Thursday, March 6, 2014

Spring Planning Begins (& Harvest Tally 2013)

As I write this post, there are still three inches of snow on the ground from our last snow/ice storm.  But! According to the weather folks, temperatures will soar into the 60's this weekend.  Will this be the last we'll see of snow this year?

We've had more nice-sized snow events this year than I can remember and I've loved every single one. While I also adore spring, spring means work and work goes much smoother around here with planning.

Just the other day, I spent a while shut-up in our cool pantry reorganizing the jars (bringing the full ones to the front and shifting the empties to the back).  This gave me a good idea of what still needs using and what I need to not use as fast.  It also helps me think about adjustments I want to make for next year.  But before I can start planning for 2014, I need to wrap up 2013 and tally our totals for the record- a task that escaped me in the fall.

If you haven't designated a simple, cheap notebook as your canning/preserving journal, do so now.  You likely won't have time when you're knee deep in green beans.

2013 Harvest Tally (all grown by us unless otherwise noted)

23 pints snow peas, froze
7 1/2 quarts, crushed and froze, and 1 pint, dried, strawberries
2 1/2 pints mulberries, froze
2 pints sour cherries, froze (tree was damaged from a wind storm, very few cherries on)
2 quarts mixed berries (mulberries, black and red raspberries), froze
12 quarts green beans, froze
8 3/4 quarts blueberries, froze, from my Great Uncle's farm (we ate handfuls of our blueberries but not enough to freeze)
1 quart wineberries, froze
15 loaves zucchini bread, froze
27 quarts corn, froze (ours) and 28 (3-cup bags) corn, froze (from Jamey's parents)
2 cups pesto, froze
5 gallon bags New Zealand spinach, froze
10 pints red raspberries, froze
1 pint and 6 (2 1/2-cup) containers beet hummus, froze
2 1/2 gallon bags bell peppers, froze
25 pints chopped/stewed tomatoes, canned
22 quarts peaches from a local orchard, canned
69 pints and 5 quarts tomato sauce, canned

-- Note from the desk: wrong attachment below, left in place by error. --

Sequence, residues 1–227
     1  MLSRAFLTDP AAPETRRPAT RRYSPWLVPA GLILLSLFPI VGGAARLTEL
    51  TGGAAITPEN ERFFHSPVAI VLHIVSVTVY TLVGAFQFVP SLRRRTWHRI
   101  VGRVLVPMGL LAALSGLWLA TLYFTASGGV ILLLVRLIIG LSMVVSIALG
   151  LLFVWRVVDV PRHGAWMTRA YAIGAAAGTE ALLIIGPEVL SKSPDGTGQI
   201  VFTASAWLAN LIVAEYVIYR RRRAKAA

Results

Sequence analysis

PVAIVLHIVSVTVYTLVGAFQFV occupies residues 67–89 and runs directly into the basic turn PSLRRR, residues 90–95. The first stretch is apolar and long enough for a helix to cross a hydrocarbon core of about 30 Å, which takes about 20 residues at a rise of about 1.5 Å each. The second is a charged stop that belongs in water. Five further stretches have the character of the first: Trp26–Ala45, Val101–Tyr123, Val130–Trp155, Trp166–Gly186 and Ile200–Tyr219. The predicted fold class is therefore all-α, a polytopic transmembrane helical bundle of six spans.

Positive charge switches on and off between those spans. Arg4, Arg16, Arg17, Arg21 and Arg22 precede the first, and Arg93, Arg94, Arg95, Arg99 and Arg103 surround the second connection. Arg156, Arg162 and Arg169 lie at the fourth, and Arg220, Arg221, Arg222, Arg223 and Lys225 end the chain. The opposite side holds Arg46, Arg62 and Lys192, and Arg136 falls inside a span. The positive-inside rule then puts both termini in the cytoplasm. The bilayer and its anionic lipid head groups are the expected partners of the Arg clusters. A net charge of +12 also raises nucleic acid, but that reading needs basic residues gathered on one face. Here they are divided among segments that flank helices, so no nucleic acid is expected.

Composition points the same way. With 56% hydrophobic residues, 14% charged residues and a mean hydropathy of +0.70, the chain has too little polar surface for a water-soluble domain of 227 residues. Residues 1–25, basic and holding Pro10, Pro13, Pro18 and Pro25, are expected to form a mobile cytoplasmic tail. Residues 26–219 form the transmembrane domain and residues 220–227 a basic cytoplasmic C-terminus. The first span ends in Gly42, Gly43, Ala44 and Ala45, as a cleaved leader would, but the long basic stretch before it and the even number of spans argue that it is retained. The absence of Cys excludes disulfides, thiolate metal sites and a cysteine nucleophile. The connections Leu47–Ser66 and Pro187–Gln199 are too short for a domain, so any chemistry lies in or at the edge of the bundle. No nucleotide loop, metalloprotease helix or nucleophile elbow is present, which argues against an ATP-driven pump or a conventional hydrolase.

8 pints salsa, canned
18 quarts tomato soup, canned
19 quarts pears, canned
5 jelly jars apple pie jam, canned
10 quarts chopped broccoli from an Amish road stand, froze
165 quarts applesauce, canned with Tattler Reusable Lids (our first experience)
4 (2 1/2-cup) bags ground cherries from my parents, froze
1 1/2 pints Shittake mushrooms, dried

Some things to note:
~ I put up very little jam because we still have a lot from years past.  We're eating less jam as we're replacing it with local honey.
~ I still had pesto and bell peppers left from last year, so I preserved less.
~ I came into possession of a lovely used pressure canner (thanks to a reader, no less!!) so next year, we hope to freeze less of certain veggies and can more.
~ Our pears are very tart and I made the mistake of using the same strength syrup for them as I did as when I canned peaches.  The kids don't like them as much because they're a bit sour, so I've been using them in pear-based desserts.
~ Our two sweet cherry trees produced about 5 cherries, which the birds promptly ate.  Maybe this year, I'll get the nets on so we can eat them instead.
~ We were very happy with the New Zealand spinach and will be growing it again/letting it come up (we hear it re-seeds itself).
~ Less is more- not in quantity but in the number of kinds of things put up.  The more experienced in this I become coupled with the busy-ness of life means less smaller, just-for-fun projects and more effort focused on putting up large amounts of what we eat a lot of.